David Bourget (Western Ontario)
David Chalmers (ANU, NYU)
Rafael De Clercq
Ezio Di Nucci
Jack Alan Reynolds
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International Journal of Philosophical Studies 11 (4):393 – 413 (2003)
One view of the nature of properties has been crystallized in recent debate by an identity thesis proposed by Shoemaker. The general idea is that there is for behaviour. Well-known criticisms of this approach, however, remain unanswered, and the details of its connections to laws nothing more to being a particular causal property than conferring certain dispositions of nature and the precise ontology of causal properties stand in need of development. This paper examines and defends a dispositional essentialist account of causal properties, combining a Shoemaker-type identity thesis with a Dretske, Tooley, and Armstrong-type view that laws are relations between properties, and a realism about dispositions. The property identity thesis is defended against standard epistemological and metaphysical objections. The metaphysics of causal properties is then clarified by a consideration of the laws relating them, vacuous laws, and ceteris paribus law statements.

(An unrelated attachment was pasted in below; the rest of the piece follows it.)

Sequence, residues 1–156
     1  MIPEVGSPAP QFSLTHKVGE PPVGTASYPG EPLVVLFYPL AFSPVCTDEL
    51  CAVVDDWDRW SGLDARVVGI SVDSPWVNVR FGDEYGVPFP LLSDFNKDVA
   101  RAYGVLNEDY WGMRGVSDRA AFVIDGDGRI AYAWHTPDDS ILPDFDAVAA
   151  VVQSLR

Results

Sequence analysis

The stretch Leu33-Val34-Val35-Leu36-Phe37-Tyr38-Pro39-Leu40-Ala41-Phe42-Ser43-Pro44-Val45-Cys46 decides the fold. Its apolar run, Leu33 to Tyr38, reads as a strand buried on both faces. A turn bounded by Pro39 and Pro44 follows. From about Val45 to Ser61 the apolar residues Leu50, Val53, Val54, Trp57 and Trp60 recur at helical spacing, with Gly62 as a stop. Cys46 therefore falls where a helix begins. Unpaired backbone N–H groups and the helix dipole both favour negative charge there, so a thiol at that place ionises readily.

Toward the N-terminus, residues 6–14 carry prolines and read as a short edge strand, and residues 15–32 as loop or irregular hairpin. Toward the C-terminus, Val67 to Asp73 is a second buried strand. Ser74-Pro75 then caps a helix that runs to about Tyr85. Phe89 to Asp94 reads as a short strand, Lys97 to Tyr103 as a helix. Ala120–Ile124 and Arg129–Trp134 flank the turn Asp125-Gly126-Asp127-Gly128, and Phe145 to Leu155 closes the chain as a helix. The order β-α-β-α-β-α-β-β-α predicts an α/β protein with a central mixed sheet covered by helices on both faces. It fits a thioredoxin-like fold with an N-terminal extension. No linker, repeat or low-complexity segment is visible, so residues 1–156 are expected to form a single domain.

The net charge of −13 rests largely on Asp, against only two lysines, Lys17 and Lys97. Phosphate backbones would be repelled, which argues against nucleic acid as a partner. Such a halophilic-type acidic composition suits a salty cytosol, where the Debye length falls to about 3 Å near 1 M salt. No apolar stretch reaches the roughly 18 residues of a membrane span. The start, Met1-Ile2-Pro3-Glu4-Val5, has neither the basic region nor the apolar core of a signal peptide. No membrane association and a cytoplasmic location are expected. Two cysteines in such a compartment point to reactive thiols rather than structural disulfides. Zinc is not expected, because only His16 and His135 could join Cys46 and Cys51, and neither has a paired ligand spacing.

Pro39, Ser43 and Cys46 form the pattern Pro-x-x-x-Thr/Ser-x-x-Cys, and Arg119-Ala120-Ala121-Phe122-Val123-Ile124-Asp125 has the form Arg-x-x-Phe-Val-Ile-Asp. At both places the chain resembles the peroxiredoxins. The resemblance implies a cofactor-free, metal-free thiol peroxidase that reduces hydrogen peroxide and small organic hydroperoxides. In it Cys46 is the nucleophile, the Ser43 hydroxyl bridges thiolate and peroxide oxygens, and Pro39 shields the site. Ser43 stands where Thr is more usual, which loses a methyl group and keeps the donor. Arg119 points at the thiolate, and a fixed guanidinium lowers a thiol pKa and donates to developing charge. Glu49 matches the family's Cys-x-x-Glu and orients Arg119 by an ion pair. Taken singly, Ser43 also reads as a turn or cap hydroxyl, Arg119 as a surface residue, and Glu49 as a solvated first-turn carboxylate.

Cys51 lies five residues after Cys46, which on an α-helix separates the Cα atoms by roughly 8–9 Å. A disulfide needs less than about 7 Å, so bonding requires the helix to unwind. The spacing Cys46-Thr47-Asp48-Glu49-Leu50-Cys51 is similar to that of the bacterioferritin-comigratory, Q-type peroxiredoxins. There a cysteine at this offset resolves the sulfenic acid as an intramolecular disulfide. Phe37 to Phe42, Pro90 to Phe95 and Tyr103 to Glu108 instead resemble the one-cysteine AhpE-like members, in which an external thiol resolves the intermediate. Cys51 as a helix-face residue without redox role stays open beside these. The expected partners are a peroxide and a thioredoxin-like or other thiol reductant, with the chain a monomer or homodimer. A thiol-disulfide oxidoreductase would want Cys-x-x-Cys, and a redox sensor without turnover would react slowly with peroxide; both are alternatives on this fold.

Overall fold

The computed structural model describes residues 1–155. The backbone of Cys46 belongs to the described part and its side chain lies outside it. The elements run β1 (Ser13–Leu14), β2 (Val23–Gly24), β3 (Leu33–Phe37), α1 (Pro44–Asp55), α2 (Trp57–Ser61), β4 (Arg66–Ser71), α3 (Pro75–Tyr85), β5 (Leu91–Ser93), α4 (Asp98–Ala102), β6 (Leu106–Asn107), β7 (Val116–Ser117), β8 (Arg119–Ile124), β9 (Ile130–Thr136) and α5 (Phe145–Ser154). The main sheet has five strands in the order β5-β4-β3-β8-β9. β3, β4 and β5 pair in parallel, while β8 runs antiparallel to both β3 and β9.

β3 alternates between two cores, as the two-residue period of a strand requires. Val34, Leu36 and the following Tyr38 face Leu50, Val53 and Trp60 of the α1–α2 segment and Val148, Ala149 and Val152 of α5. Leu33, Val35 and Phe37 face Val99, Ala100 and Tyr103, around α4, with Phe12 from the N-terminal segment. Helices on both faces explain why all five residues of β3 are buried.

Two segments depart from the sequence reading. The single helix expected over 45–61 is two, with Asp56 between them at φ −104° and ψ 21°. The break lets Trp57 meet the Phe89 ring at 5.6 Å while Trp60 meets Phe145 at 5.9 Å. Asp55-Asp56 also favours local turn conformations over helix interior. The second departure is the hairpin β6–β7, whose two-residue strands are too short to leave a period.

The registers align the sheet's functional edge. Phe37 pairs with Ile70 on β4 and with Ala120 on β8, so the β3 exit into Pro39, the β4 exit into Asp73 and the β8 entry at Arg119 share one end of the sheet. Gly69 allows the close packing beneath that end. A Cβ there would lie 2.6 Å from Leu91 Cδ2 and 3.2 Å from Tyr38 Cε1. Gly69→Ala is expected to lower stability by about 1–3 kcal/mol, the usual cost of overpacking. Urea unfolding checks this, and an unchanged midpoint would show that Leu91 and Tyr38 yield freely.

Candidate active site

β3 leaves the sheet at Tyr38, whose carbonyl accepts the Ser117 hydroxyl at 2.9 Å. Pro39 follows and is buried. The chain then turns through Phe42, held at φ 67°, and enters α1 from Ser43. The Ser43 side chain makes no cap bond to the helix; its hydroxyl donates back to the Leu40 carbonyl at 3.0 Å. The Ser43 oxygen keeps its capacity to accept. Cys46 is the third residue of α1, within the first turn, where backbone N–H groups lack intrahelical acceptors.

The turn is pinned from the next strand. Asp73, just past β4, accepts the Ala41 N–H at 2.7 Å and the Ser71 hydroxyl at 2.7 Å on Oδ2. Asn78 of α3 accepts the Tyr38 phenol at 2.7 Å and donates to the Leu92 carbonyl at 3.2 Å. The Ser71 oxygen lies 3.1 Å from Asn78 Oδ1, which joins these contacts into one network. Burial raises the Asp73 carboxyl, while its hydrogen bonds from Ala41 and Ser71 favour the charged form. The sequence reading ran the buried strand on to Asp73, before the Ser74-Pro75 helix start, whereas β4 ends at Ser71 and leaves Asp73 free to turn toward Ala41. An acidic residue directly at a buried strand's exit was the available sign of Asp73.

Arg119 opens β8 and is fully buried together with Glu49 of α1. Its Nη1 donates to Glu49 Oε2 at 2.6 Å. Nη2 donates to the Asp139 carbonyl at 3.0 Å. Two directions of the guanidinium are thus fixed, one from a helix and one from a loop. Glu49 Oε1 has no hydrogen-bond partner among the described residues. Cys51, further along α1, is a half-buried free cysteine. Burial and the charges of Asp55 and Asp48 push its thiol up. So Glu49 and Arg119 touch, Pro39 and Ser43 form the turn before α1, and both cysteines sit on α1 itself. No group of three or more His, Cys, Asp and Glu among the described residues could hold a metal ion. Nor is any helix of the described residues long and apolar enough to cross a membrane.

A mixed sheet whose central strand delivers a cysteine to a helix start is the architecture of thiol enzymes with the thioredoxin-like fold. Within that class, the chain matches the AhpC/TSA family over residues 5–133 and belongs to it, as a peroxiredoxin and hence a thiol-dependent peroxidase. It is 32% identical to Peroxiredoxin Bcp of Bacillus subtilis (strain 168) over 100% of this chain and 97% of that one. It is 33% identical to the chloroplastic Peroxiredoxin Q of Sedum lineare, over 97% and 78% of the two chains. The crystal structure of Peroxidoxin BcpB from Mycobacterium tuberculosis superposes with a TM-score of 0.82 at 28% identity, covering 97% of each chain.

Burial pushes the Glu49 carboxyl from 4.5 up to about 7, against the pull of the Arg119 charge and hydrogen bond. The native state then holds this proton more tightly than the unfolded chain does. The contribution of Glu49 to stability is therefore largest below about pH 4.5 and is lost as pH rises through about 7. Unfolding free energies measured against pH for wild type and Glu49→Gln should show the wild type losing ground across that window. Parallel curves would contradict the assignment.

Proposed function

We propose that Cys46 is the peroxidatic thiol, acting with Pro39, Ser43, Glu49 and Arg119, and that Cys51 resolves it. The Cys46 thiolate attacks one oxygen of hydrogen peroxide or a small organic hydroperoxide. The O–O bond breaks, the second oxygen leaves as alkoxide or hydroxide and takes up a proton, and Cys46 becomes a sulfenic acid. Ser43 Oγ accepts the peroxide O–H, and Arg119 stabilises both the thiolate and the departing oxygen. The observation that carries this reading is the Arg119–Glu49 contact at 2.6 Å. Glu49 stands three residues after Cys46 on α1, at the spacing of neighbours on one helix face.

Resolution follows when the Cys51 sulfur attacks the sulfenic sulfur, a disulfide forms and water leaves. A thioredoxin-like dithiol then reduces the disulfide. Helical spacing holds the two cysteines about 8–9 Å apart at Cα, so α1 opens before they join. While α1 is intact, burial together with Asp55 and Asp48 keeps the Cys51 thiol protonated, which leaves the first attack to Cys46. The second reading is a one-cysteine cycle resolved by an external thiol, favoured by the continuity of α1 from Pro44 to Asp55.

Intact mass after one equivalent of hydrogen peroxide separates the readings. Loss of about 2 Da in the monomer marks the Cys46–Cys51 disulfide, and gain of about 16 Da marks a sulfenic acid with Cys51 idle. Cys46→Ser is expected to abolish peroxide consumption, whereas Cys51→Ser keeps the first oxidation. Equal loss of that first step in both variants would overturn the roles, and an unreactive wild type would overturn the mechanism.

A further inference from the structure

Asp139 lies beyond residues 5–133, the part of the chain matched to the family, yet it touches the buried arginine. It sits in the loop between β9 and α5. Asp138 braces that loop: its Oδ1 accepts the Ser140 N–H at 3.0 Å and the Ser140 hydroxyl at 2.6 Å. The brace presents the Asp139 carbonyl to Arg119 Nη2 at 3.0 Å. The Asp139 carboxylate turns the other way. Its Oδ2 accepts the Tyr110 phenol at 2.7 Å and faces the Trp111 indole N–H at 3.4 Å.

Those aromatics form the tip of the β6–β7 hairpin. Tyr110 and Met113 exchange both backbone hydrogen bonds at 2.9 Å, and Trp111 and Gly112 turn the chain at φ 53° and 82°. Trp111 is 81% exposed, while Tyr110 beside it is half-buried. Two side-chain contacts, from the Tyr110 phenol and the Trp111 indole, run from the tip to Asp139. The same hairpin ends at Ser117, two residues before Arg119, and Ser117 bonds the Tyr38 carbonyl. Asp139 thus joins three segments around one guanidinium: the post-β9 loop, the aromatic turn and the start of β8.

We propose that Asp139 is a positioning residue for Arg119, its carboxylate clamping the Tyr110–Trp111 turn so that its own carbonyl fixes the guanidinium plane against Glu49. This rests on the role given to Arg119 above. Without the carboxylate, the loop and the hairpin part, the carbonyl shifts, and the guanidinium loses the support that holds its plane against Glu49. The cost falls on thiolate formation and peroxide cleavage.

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Citations of this work BETA
Carl Gillett & Bradley Rives (2005). The Non-Existence of Determinables: Or, a World of Absolute Determinates as Default Hypothesis. Noûs 39 (3):483-504.
Carl Gillett & Bradley Rives (2005). The Nonexistence of Determinables: Or, a World of Absolute Determinates as Default Hypothesis. Noûs 39 (3):483–504.
Vassilios Livanios (2010). Symmetries, Dispositions and Essences. Philosophical Studies 148 (2):295 - 305.
Steve Fleetwood (2009). The Ontology of Things, Properties and Powers. Journal of Critical Realism 8 (3):343-366.
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